He was ordained archbishop of St. Andrews and Edinburgh in 1985 and served as president of the Catholic Bishops' Conference of Scotland from 2002 to 2012.

He often expressed concern about the dramatic decline in the number of clergy and, in 2001, he appealed for lay Catholics to take on more administrative tasks within the church to ease the burden on overworked priests.

He was an outspoken supporter of the church and human rights in Latin America, particularly the plight of indigenous people.

Once, speaking at the Church of Scotland's general assembly, he told of his frustration at not being able to share Communion with other churches and expressed hope that closer cooperation between the churches would progress more quickly.

Before leaving for Rome to be inducted into the College of Cardinals by St. John Paul II in 2003, the cardinal made a public profession of faith and affirmed his adherence to church teaching on celibacy, homosexuality and birth control.

The profession came about a week after the then-cardinal-designate had made remarks to reporters indicating he was open to discussion and change on church disciplines regarding celibacy for Latin-rite priests, homosexuality and the use of contraceptives.

The cardinal-designate said, "There is a clear distinction between things that confront us in the church at the present time, which we can say are God's law, like murder, abortion. We can't compromise on matters like that.

"Other matters of church law – and celibacy by priests is one of those sorts of things – can be discussed," he said.

He also had said the presence of homosexuals in the priesthood is not a problem "if they are leading a celibate life."

The entire church, he said, needs "to have a full and open discussion about these issues to see where we stand and what the need is and what the implications are."

In a 2002 interview, he said that while priestly celibacy is a gift to the church he would have "no problem with celibacy withering away," and at the 1999 Synod of Bishops he said the Roman Curia "lobby" had effectively blocked discussion about a married clergy.

His death leaves the College of Cardinals with 214 members, including 117 cardinals who are under the age of 80 and eligible to vote in a conclave to elect a new Pope.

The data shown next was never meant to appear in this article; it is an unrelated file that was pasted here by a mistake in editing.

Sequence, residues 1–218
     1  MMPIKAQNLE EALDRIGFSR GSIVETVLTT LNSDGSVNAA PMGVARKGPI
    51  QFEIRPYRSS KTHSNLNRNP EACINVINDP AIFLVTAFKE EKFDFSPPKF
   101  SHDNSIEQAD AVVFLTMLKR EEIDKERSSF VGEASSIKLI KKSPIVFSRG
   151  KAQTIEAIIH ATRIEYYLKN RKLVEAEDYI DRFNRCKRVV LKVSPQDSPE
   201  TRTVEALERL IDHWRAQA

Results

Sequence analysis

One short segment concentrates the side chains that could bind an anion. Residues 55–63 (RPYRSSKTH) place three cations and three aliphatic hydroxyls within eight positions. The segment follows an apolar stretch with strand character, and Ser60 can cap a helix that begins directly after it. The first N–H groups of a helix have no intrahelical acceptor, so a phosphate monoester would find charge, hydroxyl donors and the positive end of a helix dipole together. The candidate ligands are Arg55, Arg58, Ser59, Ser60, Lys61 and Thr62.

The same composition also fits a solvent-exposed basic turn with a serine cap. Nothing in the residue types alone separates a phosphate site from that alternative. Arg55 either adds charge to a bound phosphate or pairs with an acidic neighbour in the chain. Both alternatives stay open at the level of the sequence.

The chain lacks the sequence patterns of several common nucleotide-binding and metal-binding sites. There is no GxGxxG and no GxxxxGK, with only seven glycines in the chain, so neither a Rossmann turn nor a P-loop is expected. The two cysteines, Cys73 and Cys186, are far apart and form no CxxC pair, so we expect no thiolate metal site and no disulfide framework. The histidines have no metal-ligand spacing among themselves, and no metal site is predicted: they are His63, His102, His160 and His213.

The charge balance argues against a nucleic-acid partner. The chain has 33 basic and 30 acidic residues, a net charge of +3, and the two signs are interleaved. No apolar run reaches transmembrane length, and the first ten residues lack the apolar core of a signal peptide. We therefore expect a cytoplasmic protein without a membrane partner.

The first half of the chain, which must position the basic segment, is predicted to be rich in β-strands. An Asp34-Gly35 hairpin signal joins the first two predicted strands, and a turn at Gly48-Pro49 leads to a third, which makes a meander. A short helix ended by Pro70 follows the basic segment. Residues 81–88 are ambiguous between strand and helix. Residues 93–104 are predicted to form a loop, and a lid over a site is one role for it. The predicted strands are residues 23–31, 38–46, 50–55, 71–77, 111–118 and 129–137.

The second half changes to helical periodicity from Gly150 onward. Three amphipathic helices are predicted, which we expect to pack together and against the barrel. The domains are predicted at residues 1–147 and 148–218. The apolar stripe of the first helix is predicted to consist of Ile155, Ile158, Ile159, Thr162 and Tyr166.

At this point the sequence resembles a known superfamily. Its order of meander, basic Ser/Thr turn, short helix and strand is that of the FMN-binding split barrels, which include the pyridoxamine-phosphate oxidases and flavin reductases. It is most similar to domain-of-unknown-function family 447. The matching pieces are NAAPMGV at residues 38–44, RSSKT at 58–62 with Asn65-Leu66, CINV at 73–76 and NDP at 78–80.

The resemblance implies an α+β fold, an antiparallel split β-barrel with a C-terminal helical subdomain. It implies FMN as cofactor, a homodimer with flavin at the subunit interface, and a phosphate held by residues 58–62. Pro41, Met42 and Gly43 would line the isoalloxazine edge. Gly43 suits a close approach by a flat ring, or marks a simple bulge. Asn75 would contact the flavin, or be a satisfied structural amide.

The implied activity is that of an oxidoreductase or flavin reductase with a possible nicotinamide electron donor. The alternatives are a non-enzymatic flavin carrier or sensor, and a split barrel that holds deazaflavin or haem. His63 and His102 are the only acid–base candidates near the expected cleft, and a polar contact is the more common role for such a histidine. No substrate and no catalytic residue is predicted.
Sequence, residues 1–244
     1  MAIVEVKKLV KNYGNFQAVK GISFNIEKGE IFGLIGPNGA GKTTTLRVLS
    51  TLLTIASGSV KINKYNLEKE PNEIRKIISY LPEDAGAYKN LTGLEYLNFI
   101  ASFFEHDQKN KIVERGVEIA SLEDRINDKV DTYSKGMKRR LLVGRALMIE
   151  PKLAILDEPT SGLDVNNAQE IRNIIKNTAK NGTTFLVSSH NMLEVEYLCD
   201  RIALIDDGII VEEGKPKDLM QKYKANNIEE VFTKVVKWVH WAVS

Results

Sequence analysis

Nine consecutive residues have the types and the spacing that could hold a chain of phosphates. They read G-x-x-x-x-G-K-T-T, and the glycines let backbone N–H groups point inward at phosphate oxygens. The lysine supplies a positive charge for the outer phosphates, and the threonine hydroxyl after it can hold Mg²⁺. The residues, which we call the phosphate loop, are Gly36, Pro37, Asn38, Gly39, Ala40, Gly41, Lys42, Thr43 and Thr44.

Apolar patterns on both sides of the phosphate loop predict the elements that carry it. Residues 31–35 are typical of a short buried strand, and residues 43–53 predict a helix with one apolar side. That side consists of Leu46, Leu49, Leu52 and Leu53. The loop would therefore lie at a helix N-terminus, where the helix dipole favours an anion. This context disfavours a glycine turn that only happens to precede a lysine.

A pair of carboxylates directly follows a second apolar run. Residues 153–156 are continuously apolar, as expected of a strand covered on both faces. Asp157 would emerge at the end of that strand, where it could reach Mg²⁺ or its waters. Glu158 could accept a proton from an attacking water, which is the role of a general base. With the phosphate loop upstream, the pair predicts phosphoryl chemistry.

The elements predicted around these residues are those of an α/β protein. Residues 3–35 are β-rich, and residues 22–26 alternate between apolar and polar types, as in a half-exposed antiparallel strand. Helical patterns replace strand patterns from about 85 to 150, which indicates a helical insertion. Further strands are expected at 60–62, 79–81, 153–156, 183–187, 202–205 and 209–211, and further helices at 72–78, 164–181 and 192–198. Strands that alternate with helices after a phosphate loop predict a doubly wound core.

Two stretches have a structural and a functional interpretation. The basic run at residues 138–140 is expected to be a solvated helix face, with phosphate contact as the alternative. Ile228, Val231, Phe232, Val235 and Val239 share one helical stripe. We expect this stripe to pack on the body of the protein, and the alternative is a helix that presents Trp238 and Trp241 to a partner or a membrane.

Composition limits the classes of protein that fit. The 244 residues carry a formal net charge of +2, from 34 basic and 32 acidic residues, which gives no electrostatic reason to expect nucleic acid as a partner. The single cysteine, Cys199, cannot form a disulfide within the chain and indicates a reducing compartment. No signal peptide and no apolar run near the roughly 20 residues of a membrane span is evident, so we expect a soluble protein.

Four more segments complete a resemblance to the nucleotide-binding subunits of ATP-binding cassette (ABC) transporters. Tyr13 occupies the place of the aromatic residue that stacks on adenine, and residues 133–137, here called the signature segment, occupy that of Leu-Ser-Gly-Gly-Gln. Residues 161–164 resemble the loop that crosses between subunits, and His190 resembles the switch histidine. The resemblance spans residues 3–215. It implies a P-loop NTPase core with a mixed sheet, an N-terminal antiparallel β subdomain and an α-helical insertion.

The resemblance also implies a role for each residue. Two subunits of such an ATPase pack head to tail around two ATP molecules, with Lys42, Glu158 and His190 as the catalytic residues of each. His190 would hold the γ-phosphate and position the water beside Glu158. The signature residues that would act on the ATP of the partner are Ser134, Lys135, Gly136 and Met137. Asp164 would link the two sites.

Morning Briefing

Natl Catholic Reporter - 14 hours 15 min ago
Morning Briefing: In depth look at national ministry of FOCUS; Pre-synod meeting of youths; Confessions of an 'in-between' Catholic; History of Catholic black spiritual traditions; Court hears alleged offenses by Cardinal Pell

News at 4.30pm

Vatican Radio Morning News - 16 hours 25 min ago
Vatican & World News at 4.30pm

U.S. Catholic Bishops’ Chairmen Deeply Disappointed by Congress’ Failure to Enact the Conscience Protection Act

USCCB News - 16 hours 34 min ago

WASHINGTON—Cardinal Timothy M. Dolan of New York, chair of the U.S. Conference of Catholic Bishops' (USCCB) Committee on Pro-Life Activities, and Archbishop Joseph E. Kurtz of Louisville, chair of the USCCB's Committee for Religious Liberty, reacted with deep disappointment to the news that a very modest but critical piece of legislation—the Conscience Protection Act—was not included in the 2018 appropriations bill just released by Congress.

The full statement follows:

"The failure of Congress to include the Conscience Protection Act in the 2018 omnibus appropriations bill is deeply disappointing. The CPA is an extraordinarily modest bill that proposes almost no change to existing conscience protection laws on abortion—laws that receive wide public and bi-partisan support. The CPA simply proposes to provide victims of discrimination with the ability to defend their rights in court to help ensure that no one is forced to participate in abortion. Those inside and outside of Congress who worked to defeat the CPA have placed themselves squarely into the category of extremists who insist that all Americans must be forced to participate in the violent act of abortion. We call on Congress not to give up until this critical legislation is enacted."

Keywords: U.S. Conference of Catholic Bishops, USCCB, Cardinal Timothy M. Dolan, Committee on Pro-Life Activities, Archbishop Joseph E. Kurtz, Committee for Religious Liberty, Conscience Protection Act, Congress, abortion, health care, religious liberty


Media Contact:
Judy Keane